In a country where the trans-community is consigned to a low-income group with very few opportunities for employment, Kami Sid made waves when she debuted as Pakistan’s first trans model.
Born in a middle-class family, Sid was given a male name. “I was very feminine,” Sid reminisces. One of seven siblings, her family rarely allowed her go outside; they were worried she would be bullied. “We’re not a third gender,” says Sid. “What is the first and second gender? You’re a woman. Are you first or second?”
Sid’s father passed away when she was a teenager, she was raised by an understanding mother. “A mother who carried someone in her womb and raised her… how can she not know?” Her siblings, however, have been apprehensive of her coming out on a public platform.
Acknowledging the “Mama’s little boy” tattoo on her arm that was inspired by Indian actor Priyanka Chopra’s “Daddy’s little girl”, Sid says “for my mother, I was born a boy” – who still refers to Sid as a male.
Growing up, Sid says she thought she was gay. “I knew that word. I thought I was different, [that] I wasn’t normal,” she said. Speaking of her childhood, she identifies with her zodiac sign Taurus. “It’s a bull, and when it gets angry it goes on a rampage. When I was very young I had a lot of rage. I don’t know what it’s called in psychological terms. I used to lash out, hit people. After working, there’s a sense of peace. Maybe it’s because I have seen [that] other people have more problems.”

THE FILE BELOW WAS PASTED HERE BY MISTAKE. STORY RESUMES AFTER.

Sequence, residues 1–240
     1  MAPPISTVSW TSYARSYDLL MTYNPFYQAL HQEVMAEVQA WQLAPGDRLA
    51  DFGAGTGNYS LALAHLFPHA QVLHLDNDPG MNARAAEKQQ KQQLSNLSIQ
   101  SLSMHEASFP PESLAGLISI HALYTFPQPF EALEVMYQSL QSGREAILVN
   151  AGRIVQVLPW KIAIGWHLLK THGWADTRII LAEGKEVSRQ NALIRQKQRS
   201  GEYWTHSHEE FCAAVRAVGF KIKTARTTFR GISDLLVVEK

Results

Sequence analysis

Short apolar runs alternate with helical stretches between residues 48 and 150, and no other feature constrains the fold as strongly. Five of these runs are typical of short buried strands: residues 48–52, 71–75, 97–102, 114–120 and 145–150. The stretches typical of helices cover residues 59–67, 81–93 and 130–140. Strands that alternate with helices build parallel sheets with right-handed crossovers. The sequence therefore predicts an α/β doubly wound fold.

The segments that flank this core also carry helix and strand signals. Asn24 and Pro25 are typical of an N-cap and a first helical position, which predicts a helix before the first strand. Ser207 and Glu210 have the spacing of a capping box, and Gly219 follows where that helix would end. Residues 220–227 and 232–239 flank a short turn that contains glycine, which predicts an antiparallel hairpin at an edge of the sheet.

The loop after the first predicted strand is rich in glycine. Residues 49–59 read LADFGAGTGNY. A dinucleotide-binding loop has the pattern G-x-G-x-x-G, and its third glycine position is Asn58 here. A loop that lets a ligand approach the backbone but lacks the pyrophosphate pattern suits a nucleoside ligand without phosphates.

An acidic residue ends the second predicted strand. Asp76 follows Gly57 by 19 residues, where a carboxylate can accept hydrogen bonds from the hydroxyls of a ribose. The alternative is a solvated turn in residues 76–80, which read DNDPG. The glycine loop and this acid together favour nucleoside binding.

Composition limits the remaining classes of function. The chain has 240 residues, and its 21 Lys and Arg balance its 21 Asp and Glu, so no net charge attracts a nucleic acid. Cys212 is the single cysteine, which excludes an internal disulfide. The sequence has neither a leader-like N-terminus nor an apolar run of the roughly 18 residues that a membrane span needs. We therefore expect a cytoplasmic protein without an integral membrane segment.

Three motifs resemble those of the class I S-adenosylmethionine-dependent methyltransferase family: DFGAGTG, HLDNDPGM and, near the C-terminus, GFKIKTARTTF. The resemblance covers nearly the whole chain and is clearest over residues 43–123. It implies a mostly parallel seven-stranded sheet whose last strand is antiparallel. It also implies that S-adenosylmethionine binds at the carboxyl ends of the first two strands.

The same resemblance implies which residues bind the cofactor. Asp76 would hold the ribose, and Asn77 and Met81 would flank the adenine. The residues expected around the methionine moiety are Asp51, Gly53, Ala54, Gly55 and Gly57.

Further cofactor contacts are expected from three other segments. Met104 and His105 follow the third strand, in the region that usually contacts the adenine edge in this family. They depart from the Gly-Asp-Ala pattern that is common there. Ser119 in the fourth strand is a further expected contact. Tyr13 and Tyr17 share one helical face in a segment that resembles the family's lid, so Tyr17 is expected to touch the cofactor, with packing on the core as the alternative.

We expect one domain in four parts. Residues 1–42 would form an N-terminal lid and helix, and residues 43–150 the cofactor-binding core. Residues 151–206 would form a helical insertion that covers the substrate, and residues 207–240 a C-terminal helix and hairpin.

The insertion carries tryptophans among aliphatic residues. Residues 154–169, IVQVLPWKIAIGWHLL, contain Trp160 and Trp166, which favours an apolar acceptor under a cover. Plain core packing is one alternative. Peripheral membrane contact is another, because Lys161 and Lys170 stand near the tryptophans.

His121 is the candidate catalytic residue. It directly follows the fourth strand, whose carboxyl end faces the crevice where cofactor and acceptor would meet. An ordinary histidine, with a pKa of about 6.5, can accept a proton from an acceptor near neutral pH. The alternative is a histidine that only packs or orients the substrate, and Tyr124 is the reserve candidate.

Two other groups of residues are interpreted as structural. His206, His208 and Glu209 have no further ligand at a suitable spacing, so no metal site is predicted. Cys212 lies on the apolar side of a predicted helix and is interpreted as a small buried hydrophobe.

As Pakistan’s first trans model, Sid did not have any local figure for inspiration but she looks up to US model Geena Rocero and actor Laverne Cox. Speaking of the fashion industry in Pakistan, Sid says “you have to make a space for yourself in the fashion industry’. “There’s so much lobbying. I’m here to change the concept.”
Fan of Indian actor Madhuri Dixit, Sid loves dancing. She recalls performing solo on a Naseebo Lal song recently that turned many heads. She loves wearing sarees and recently did a shoot in Denmark wearing one. “In a sari, in the cold!” she exclaims.
With a graduate degree in business studies, the 26-year-old’s dream to study abroad were crushed when she was denied a visa. It wasn’t until 2012 that Sid traveled out of the country for a transgender network conference in Thailand after being noticed for her candon on Facebook by a non-profit working for trans and MSM issues. That event introduced Sid to the world of activism.
She has been working with the Sindh government on legislation to protect the trans-community while being invited to diplomatic-community soirees, including the upcoming Karachi Literature Festival at Southbank Centre in London.
Sid has an unyielding desire to continue working in Pakistan despite warnings by mentors who have asked her to stay politically correct and her mother who advises a cut down of TV appearances.
“I know how to break stereotypes, darling,” she said confidently. “I became a model; tomorrow I’ll become a mum. People think we’re just sex workers or beggars or dancers. After modelling, I’ve said we can become anything – doctors, engineers, teachers. We just need a platform.”
This article originally appeared on The Guardian